Scott Peterson, who was convicted in 2004 of murdering his pregnant wife Laci and their unborn son on Christmas Eve in 2002, is not a particularly sympathetic figure. His case was also one of the biggest ones of its time, and the entire trial played out in front of a national audience.
Why, then, could he be granted a new trial nearly two decades later?
Everybody deserves a fair trial, particularly when the stakes are high
The right to a fair trial in front of an impartial jury of your peers is one of the cornerstones of this country’s legal system. That’s why voir dire, the process of screening and selecting jurors for a case, is taken so seriously.
But even the best voir dire process can’t always weed out so-called “stealth” jurors. Those are jurors who either want to be part of a well-known, sensational trial because they hope to parlay their experience into some measure of fame or financial gain or jurors who have already made up their mind and want to see the defendant convicted.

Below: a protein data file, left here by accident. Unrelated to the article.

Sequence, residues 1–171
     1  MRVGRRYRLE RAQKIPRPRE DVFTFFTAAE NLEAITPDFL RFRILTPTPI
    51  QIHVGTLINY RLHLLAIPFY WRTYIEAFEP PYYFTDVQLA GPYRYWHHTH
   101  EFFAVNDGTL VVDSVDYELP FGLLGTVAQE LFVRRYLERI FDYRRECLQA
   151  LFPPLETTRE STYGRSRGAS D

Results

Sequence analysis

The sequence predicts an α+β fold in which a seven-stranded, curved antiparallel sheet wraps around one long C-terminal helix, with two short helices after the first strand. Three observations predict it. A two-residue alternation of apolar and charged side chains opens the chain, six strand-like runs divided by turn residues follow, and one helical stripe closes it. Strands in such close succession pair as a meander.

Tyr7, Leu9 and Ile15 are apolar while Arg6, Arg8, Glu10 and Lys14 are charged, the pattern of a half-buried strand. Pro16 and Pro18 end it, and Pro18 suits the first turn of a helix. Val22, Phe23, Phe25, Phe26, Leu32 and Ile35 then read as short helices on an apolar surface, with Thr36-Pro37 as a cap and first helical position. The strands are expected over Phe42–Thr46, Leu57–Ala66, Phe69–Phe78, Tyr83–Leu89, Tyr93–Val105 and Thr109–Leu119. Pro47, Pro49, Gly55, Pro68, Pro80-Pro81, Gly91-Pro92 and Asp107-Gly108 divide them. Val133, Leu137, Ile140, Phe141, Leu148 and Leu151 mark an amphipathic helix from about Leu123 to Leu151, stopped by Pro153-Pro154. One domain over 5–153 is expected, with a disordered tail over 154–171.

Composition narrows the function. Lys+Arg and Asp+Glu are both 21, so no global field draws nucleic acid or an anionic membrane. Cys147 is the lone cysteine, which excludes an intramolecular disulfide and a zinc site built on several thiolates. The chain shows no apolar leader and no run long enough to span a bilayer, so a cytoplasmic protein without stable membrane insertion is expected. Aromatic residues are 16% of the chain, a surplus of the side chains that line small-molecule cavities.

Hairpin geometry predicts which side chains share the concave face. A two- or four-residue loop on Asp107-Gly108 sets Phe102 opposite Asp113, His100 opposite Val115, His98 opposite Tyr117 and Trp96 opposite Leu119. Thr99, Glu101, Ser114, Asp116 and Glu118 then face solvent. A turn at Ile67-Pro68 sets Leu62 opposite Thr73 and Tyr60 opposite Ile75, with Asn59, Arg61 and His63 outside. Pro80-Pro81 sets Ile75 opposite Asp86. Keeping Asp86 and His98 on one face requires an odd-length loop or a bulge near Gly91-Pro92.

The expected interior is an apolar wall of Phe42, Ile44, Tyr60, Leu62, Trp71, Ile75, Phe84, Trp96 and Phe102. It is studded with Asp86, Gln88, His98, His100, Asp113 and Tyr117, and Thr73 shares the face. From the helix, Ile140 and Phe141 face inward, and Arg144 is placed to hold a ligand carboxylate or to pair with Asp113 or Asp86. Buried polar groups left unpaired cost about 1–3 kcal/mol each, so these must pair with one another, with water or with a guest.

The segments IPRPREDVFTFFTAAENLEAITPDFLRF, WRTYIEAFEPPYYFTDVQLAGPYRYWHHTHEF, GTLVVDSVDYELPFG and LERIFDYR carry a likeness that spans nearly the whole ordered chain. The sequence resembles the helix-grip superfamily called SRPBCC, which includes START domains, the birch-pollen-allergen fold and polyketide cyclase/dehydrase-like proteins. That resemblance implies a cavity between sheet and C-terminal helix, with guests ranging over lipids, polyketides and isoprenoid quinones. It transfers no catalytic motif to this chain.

In 2020, a deep look into the jurors who sat through Peterson’s trial revealed that one juror — a woman — lied about her life experiences. She never told the court that someone had stalked and harassed her (to the point where she took out a restraining order) while she was pregnant. In fact, she denied ever being involved in a domestic violence incident.
Because of this, Peterson’s death sentence was already overturned and changed to a life sentence. Now, he may win the right to an entirely new trial — with a fair jury.
When you’ve been unfairly convicted of a violent crime, don’t give up.
The Peterson case is a remarkable, highly visible example of what can happen when jurors don’t play by the rules.
Nobody should be deprived of the due process of law. If you are imprisoned for or your loved one was convicted of a violent crime, find out more about your appellate options.